Signs of the Times
For a Dutch village's House of Culture and Administration, Claus en Kaan and Claudy Jongstra bridged past and present.
David Sokol -- Interior Design, 3/1/2008 12:00:00 AM
By Dutch standards, thevillage of Nijverdal is but an infant. English textile manufacturer Thomas Ainsworth established a mill on the otherwise empty riverbanks there in 1836, importing the industrial revolution. “The 19th century may be old to the U.S., but for us it's something to laugh about,” says Claus en Kaan Architecten founding partner Felix Claus, who designed the local House of Culture and Administration. Ainsworth, whose mill was absorbed by textile giant TenCate in 1957, would hardly recognize his “valleyof craftsmanship” today. The merged company, once headquartered in a Jugendstil building, has moved many of its offices elsewhere. People still living and working in Nijverdal, which is approximately 70 miles east of Amsterdam, are likely to be chemists or aerospace engineers rather than weavers.
Claus en Kaan's 135,000-square-foot design, a renovation and expansion of a 1960's municipal building, contains an assortment of public and private functions: mayoral offices, council chamber, unemployment administration, library, theater, and multipurpose room. Civil servants and visitors enter via a dramatic 60-foot-high hall encircled by a sweeping staircase and paved in black mica. Above the municipal employees' offices at the top of the four-story building, oak-framed skylights recall the ones on the TenCate headquarters's sawtooth roof.
Claus en Kaan also stitched together inspirations that predateTenCate and Nijverdal itself to “create a kind of icon for the city,” Claus explains. For example, he credits the eighth-century Mezquita de Córdoba in Spain for the new facade's row of glazed archways. On the inside, those arches are expressed as soldierly rows of brick barrel vaults.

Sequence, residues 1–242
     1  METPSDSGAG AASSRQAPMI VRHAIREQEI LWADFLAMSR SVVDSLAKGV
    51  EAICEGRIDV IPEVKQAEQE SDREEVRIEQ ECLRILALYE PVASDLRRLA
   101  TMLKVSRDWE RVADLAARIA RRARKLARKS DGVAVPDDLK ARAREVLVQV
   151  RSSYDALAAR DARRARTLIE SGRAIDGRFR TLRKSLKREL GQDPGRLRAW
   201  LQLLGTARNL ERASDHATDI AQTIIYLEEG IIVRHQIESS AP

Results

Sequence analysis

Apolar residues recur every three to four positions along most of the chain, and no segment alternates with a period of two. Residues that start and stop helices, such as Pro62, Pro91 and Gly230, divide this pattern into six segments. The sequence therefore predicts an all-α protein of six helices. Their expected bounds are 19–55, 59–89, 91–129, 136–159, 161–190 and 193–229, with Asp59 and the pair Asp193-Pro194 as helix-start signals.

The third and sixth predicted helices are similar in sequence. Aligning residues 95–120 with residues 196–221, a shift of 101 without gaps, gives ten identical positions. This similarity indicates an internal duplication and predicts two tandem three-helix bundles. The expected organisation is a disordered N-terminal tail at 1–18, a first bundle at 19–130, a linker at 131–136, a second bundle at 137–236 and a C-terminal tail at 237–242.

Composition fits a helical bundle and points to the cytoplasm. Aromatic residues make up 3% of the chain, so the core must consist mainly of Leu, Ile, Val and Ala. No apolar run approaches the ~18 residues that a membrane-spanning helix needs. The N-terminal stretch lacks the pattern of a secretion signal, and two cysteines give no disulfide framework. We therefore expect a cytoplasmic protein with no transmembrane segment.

Although exterior and interior bricks are a reddish-brown that recalls TenCate's 1900'sbuilding, their not-quite-perfect layers suggest that they accrued over centuries—or perhaps that bewildered masons layed the bricks with mortar that was either more than 1 inch thick or just a sliver. “The
Dutch are used to making things neat and consistent,” partner Dick van Wageningen says. “But the brick surfaces here are so huge that the variation makes the whole space dynamic.”
Dating back only four years, VanWageningen's idea of collaborating with Claudy Jongstra was sparked when he saw photographs of her installation of felt tapestries at the Dutch prime minister's official residence in the Hague. (They were subsequently destroyed by fire.) Jongstra represents a long chapter in the history of artisanal ingenuity. “Wool felt was our first house as well as our first clothing,” she says. “As a material, it's honest and smart. It offers fantastic architectural qualities—warmth, acoustical control, dirt repellence.”
On her isolated farm, she not only felts and dyes her own wool but also raises herown sheep, which belong to a rare long-haired breed known as Drenthe Heath, indigenous to the Netherlands. The Nijverdal project, requiring 21,500 square feet of textile, is the biggest to date for Studio Claudy Jongstra. To fill the order, Jongstra had to enlist all 200 members of her flock—the sheep would not be shorn again for another year. Then she had to custom-order larger steel dyeing tubs to handle the huge pieces.
The reddish-orange dye for the banners in the theater is derived from the root of the madder plant, which takes three years to grow. “Then there's one harvest of this beautiful, rich color,” Jongstra says. To clad the exterior of the huge faceted dome standing on the mezzanine above the entry—looking not unlike a yurt but in fact housing the municipal council chamber—Jongstra chose felt dyed by indigo plants to produce a royal blue, a nod to the ancient nomads who used it on yurts to signify wealth. Inside, angular wallsections are covered by textured felt panels in cream and gray, colors befitting theweddingceremonies that Nijverdal officialsperform here as many as three times a week. The palette is also restrained enough not to distract from monthly government meetings, when 30 officials can gather around the impressive table that rings the room. Also pale gray are the table's lacquered top and the upholstery on the task chairs and low benches.
Outside the council chamber, ancient craftsmanship meets pop art. Signage indicating the building's different public areas glows in neon red, green, and blue, while a softer light emanates from frosted-glass pendant fixtures that look like giant piña colada Life Savers. As for the gracefully minimalist sconces and up-lights, they have a populist derivation, too. They were inspired by the paper cones that french fries are sold in.